City tackles development on all fronts


Recorder News Staff

Agencies and departments in the city of Amsterdam are working on all fronts to promote and support economic development.

And at the forefront right now is the redevelopment of the former Chalmers site on the South Side.

After a more than month-long extension of the original deadline for the Chalmers redevelopment Request for Proposals, Amsterdam Director of Community and Economic Development Robert von Hasseln said the city received one complete proposal, one incomplete proposal, and was expecting a third but never received it.

The number of proposals received isn't quite as high as what the director had been anticipating.

In October, von Hasseln told the Recorder that he anticipated getting at least five to 10 proposals, based on the amount of time that developers spent with city officials.

Von Hasseln said Wednesday, however, that he was happy to receive the ones he did.

The one completed proposal came from a "highly credible" developer, von Hasseln said, who submitted a plan to create 60 units of affordable housing along with a medical office building.

Though the package was well put together, von Hasseln said he believes it might not fit the city's needs.

"I don't believe this is going to be a match; this is what seems to be the consensus," he said. "It's not the highest and best use of the land."

The other incomplete proposal included a plan to create a restaurant and theme park, but aside from it also not being the "highest and best use" of the land, von Hasseln said it couldn't even be considered as it was missing pertinent information.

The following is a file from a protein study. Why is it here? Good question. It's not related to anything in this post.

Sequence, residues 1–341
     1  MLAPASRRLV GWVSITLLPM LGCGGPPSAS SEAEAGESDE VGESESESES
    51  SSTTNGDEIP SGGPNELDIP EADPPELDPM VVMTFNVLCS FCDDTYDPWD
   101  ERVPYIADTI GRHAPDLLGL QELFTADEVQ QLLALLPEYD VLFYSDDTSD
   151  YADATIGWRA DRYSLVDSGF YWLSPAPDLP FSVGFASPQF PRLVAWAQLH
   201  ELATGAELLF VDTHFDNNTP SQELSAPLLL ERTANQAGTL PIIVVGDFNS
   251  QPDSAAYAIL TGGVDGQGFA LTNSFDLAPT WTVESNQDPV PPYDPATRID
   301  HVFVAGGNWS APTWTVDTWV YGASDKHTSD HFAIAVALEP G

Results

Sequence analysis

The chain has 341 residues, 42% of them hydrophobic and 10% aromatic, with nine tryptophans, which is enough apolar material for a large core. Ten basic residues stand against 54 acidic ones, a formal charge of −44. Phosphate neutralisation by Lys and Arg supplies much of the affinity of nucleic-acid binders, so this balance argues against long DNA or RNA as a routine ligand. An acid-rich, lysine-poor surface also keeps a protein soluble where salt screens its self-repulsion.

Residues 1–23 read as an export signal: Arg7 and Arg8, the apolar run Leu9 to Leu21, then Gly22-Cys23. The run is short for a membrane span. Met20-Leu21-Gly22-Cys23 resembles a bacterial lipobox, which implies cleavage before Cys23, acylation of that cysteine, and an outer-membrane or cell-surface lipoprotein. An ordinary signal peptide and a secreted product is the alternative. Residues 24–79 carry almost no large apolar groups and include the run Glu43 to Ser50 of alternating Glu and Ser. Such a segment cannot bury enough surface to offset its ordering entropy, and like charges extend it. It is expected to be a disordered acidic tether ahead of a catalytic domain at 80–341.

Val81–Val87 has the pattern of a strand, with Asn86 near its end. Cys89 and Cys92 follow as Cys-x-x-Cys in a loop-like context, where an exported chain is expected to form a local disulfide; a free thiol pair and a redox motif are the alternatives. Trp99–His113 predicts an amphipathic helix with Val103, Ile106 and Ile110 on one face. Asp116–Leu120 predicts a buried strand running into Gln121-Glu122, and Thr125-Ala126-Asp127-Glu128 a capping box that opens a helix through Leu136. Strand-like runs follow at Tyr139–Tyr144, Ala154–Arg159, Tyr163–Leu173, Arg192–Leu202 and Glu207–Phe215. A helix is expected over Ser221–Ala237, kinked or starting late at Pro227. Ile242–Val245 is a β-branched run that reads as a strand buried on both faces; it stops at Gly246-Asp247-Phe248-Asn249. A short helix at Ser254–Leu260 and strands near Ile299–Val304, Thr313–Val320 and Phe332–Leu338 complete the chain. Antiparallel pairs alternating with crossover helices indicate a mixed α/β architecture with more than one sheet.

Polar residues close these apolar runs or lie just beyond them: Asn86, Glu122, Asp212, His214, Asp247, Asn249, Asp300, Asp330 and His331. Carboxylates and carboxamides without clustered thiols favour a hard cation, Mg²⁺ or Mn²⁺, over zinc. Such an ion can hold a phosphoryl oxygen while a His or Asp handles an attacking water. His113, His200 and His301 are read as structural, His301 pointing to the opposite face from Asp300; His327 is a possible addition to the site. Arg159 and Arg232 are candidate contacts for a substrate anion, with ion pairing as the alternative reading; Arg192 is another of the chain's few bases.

"We'll need to take a look at where we will go next," he said, "but I'm not discouraged."

As of this point, the highest and best use of the Chalmers land for the city is either market-rate housing to attract younger people to the city, mixed-use high-end apartment and commercial space, or hotel and banquet space overlooking the Mohawk River, he said.

"This process is only beginning," von Hasseln said. "There are others (developers) out there. And we can recast this net as many times as we need."

He added that the key to the success of the Chalmers project is to not rush.

"We have a superb opportunity to not repeat the worst mistakes of the past," he said. "The one package was a sign of the fact that professionals are beginning to turn around on how they look at Amsterdam."

And the Chalmers site isn't the only location that the city is working with developers on to boost and develop.

Though he couldn't give specific details, von Hasseln said he has been having chats with other well-respected developers about the old Mohasco Mills site, the Five Corners area, the Esquire Novelty building site, and even with regard to a potential "well-built affordable housing" building on the East End.

And weekly meetings with Amsterdam Industrial Development Agency Director Jody Zakrevsky, Amsterdam Urban Renewal Agency consultant Nick Zabawsky, Amsterdam Mayor Ann Thane, and often Montgomery County Economic Development and Planning Director Ken Rose, are keeping the city's economic development conversation going.